The informational insert on Project Achilles is another excellent example of the effectiveness of this literary tool. These inserts allow Hickman to deliver necessary information to give the reader backstory information that they need for the next scene as well as to further flesh out the story’s setting.
The one-page informational insert about the Omega Cycle was cool. This is just Hickman having fun and filling in more intricate details to his story with these inserts. This page helps to further detail the transformation of a human to an Omega Sentinel. Is there any real need for this information beyond what we already got in the story? No. But, it is this insane level of detail that continues to make Hickman’s X-Men so damn immersive.
Lastly, we get a one-page informational insert detailing the Krakoan alphabet. WIth this page readers can translate Krakoan to English and English to Krakoan. This is awesome! I love extras like this! This reminds me of when we first got the full Interlac-to-English translation guide over in the Legion of Super-Heroes. It made reading the Legion so much more fun since you could then translate all of the Interlac that you would see in the issues. I love stuff like this!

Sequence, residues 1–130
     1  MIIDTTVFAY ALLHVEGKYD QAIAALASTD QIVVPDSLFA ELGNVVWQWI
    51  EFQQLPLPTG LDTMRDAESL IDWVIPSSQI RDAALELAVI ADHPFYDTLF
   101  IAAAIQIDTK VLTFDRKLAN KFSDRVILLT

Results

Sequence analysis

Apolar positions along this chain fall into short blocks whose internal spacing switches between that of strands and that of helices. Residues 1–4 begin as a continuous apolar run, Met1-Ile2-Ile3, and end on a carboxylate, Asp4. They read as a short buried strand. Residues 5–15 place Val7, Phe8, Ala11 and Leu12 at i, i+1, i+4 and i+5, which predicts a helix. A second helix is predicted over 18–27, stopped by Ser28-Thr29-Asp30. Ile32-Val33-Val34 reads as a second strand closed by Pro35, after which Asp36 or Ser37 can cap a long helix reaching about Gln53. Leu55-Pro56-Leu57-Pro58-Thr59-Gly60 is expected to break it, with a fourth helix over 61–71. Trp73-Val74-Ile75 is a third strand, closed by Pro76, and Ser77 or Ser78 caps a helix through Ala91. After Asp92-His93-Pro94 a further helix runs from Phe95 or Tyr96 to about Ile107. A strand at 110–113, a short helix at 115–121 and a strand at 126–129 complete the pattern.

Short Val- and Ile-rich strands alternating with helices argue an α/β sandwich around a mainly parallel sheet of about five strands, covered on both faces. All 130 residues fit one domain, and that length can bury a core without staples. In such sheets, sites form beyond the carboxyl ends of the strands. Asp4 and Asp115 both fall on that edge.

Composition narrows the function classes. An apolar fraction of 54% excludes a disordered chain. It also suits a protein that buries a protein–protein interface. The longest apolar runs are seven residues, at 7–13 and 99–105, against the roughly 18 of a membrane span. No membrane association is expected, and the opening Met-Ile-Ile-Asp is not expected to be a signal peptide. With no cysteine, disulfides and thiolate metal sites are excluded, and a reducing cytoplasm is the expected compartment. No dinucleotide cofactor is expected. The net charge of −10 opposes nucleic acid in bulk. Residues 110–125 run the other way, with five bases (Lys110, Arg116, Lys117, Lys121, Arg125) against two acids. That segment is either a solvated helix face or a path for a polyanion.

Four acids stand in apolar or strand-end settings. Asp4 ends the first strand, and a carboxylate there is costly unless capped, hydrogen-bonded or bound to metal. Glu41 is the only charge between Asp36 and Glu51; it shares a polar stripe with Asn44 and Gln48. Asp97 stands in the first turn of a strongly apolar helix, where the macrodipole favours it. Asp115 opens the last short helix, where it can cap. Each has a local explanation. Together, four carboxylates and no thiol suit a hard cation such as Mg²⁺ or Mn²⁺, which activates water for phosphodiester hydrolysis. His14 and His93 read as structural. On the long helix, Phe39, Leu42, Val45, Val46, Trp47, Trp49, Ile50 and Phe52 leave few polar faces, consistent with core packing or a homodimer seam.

Pepe Larraz delivers some quality artwork in House of X #3. Larraz’s White Queen is fantastic. Emma is properly equal parts sexy, in-control, and intimidating. Larraz’s Sabertooth is also fantastic. Creed is physically imposing. Larraz also does a good job with the facial expressions for most of the characters. Larraz serves up plenty of dramatic panels of the space scenes with the Orchis Forge. All in all, House of X #3 is a dynamic looking issue.
The Bad: I have no criticisms of House of X #3.
Overall: House of X #3 is an absolute joy to read. Jonathan Hickman continues to mesmerize with his exquisitely crafted story. There simply is not another superhero title on the market that offers the reader a better value for their dollar than Hickman’s X-Men. If you like super-hero comic books then you absolutely need to go out and support House of X and Powers of X. Titles written this well deserve strong reader support.